Czech politicians are better at denying corruption than media are at exposing it, says pundit

Pavel Drobil (left), Petr Nečas, photo: CTK

Czech Environment Minister Pavel Drobil stepped down on Wednesday. His announcement followed the release of recordings made by the head of a department at his ministry, Libor Michálek, purporting to show Mr Drobil’s advisor pressuring him into corruption aimed at funding the minister’s political career. Another tape appeared to show Mr Drobil offering Mr Michálek a promotion – if he destroyed the original evidence. Pavel Drobil’s Civic Democrat party boss, Prime Minister Petr Necas, is standing by him – and both argue that his only mistake was a poor choice of subordinates. Radio Prague spoke to the commentator Erik Best about the implications of the latest Czech corruption scandal.

Pavel Drobil (left), Petr Nečas, photo: CTK
“You can already see that Czech politicians are already better at denial of corruption than the media is at getting them to admit any kind of such activity. If something like this had happened in a Western country, the minister would have left in disgrace.

“But the environment minister, Mr Drobil, actually appeared on the main late-night TV news programme last night, and did a remarkable job of defending himself and trying to put the blame on others. And because of the way the public and the media are conditioned, I think he actually got away with it.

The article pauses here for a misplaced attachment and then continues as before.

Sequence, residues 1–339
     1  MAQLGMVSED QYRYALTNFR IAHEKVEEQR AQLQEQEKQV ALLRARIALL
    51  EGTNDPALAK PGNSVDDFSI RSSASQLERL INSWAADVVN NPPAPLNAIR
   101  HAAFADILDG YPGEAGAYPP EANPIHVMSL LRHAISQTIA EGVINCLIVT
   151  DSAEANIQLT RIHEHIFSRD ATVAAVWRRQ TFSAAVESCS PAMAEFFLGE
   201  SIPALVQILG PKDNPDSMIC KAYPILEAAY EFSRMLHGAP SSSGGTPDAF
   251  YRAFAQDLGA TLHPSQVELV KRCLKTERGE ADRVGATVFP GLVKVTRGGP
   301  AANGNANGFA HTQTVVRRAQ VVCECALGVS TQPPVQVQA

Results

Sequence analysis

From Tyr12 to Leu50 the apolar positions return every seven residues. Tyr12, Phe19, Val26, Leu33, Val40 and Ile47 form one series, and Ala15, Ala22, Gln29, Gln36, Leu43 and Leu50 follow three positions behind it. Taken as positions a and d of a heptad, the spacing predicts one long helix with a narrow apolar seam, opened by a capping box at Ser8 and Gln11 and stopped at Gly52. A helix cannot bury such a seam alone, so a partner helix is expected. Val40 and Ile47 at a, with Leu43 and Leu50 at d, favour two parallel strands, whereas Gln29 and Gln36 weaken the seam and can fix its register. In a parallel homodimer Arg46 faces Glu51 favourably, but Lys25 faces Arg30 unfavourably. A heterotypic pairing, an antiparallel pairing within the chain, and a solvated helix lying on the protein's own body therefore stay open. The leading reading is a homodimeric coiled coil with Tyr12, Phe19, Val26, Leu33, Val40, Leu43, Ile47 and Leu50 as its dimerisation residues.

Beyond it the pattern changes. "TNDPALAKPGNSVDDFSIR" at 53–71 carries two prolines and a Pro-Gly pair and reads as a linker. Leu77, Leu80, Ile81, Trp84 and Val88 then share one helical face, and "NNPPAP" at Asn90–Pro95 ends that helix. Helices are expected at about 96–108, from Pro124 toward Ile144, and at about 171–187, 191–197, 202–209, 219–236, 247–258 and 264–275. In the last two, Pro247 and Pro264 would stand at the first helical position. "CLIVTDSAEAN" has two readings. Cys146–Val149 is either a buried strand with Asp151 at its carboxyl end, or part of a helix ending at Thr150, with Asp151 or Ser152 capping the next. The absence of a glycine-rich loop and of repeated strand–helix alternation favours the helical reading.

So he’s already rehabilitating himself the very day he resigned. Of course he hasn’t left office yet and he’s in the process of rehabilitating himself.”

In this he seems to have the full support of Prime Minister Petr Nečas who said many times he was standing by Mr Drobil. Do you think the clear is not as clear-cut as it might seem, and Mr Nečas might have a point?

Petr Nečas, Pavel Drobil, photo: CTK
“My feeling is that we have enough information to understand what actually transpired, and that it’s a bigger issue of support within the Civic Democrat party. I suspect, without any evidence of course, that Mr Nečas was told that he needed to support Mr Drobil, otherwise his position within the party would be weakened.

“By doing this, Mr Nečas has in a sense weakened himself because he showed support for someone who is evidently not worthy of that kind of support. But at the same time, he has shown within the Civic Democrat party that he’s willing to play a team game.”

Minister Drobil resigned after a meeting of coalition leaders. What do you make out of the way the government, which calls itself anti-corruption government, reacted to the whole scandal?

Libor Michálek
“I think that perhaps the most interesting thing is the way the parties, especially the Civic Democrats, have reacted to the whistle-blower, in this case Mr Michálek from the Environmental Fund. The day before yesterday, the interior minister put out a list of anti-corruption measures, and one of them was support and encouraging of whistleblowers. I suppose it must have been a typo, I think they meant to say not ‘support’ but ‘suppress’ whistleblowers because Mr Michálek is actually being blamed for everything that’s happening. He is not directly getting the same kind of blame from the other two parties but certainly they have not been very emphatic, trying to criticize what happened.

So I think it’s a situation when the other two parties realized they are susceptible to something like this in the future, and they don’t want to be seen as fighting too much against their coalition partner.”